Summer, Must You Go So Soon?


I know, we technically still have a few more days of summer left. But once we get past Labor Day here in the US and all the kiddos go back to school, it feels like another summer streaked past us before we even knew it was here. Sigh.

To cheer us up, let’s look at some photos—a mashup of #mancandymonday and #throwbackthursday. In 1978 we traveled to Antigua to shoot these photos for Vogue Patterns Magazine. Love it. Scroll down for more photos.

Miscellaneous stuff:

  • Been reading all your blog post comments as have many other members of the McCall’s team. You guys give helpful feedback; please keep it up.
  • Planning a Pinterest contest; details to come soon.
  • What do you think of the Ralph Rucci coat pattern (V1419) for a sewalong? There seems to be the most reader support for that pattern. If you want to sew a coat but not that particular pattern, check out a new Craftsy class that teaches you how to sew Vogue Patterns coat V9040.
  • Anyone going to the American Sewing Expo in September? We’ll be there in booth #420; please stop by and say hello!
  • We’re also sponsoring the Sewing Party on November 8. Read more about this cool sewing event here.
  • So glad you liked our Fall Collection video! Planning another one as we speak.

Spread from a 1978 Vogue Patterns Magazine issue

Spread from a 1978 Vogue Patterns Magazine issue

Spread from a 1978 Vogue Patterns Magazine issue

Spread from a 1978 Vogue Patterns Magazine issue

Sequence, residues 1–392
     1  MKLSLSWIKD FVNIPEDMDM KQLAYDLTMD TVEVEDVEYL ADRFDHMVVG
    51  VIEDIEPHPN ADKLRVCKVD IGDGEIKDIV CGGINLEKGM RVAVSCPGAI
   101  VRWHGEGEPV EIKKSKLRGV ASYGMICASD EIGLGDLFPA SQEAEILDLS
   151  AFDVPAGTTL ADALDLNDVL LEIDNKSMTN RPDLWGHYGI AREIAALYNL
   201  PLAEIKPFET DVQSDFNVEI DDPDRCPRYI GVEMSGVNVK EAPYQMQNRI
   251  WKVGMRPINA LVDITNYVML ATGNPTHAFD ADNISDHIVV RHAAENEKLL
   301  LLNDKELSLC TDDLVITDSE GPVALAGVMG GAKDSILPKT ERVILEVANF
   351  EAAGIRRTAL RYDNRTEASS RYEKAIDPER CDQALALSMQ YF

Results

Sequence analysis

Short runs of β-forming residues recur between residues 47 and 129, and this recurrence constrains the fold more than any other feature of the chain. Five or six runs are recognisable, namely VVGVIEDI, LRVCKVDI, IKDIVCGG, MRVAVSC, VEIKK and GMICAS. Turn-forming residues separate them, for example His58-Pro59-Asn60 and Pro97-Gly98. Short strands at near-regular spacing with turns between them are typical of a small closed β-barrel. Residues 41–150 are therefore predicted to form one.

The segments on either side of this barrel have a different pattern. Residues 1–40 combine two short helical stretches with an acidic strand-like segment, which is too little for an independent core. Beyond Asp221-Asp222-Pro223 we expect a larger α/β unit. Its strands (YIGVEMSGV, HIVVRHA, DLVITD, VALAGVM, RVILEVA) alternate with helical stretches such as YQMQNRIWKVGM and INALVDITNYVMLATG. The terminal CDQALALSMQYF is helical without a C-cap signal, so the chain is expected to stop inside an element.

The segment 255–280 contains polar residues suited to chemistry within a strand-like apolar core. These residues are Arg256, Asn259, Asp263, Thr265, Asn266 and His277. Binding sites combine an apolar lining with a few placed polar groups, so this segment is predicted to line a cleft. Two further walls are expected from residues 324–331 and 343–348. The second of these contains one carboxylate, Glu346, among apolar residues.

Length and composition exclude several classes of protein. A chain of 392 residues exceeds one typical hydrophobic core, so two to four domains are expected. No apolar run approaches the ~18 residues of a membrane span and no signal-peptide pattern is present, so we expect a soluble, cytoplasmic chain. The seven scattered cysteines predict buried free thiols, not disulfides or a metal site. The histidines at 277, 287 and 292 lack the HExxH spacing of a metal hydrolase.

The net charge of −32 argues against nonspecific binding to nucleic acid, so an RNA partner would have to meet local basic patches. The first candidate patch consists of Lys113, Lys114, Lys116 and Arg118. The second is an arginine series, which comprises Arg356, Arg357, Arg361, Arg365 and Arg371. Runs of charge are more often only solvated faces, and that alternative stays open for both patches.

Have a great Labor Day weekend and here’s to a fantastic fall together!

Art-Teacher Chic: We’ve Got the Patterns For It

Rachel Comey Sparrow dress
Art-teacher chic: Rachel Comey Sparrow dress

Not too long ago ran a trend piece on what it calls “art-teacher chic.” We read it and thought, hmm, that’s the perfect way to describe the style of some of our patterns.

“Art-teacher chic—loose tunics, big ceramic necklaces, modest shoes—has become the go-to uniform for fashion-y women who are done with overdone.” —

Designers like Rachel Comey (a Vogue Patterns designer), Celine and Prada exemplify this easy, wearable style of dressing.

Celine fall_2014_look_11
Art-teacher chic: Celine top and pants, fall 2014
Art-teacher chic: Tsumori Chisato poncho, available at Bird

If you’re looking for art-teacher chic patterns, check out Lynn Mizono and Marcy Tilton for Vogue Patterns. Katherine Tilton nails the look for Butterick. For even more examples of patterns that exemplify this creative, relaxed style of dressing, check out our new Art-Teacher Chic Pinterest board.

Art Teacher chic Vogue Collage
Vogue Patterns art-teacher style. V1410 by Lynn Mizono is a current bestseller for us.
Art Teacher Chic Butterick Collage
Butterick patterns that meet the art-teacher chic criteria. Katherine Tilton’s B6101 top is another bestseller.

Is art-teacher chic your style? I just got back from a long weekend in Woodstock, NY, where this kind of dressing is de rigueur for women of all ages. Tell us more about your look by leaving a comment here. Thanks!

The Seven Pieces to Sew for College, Then and Now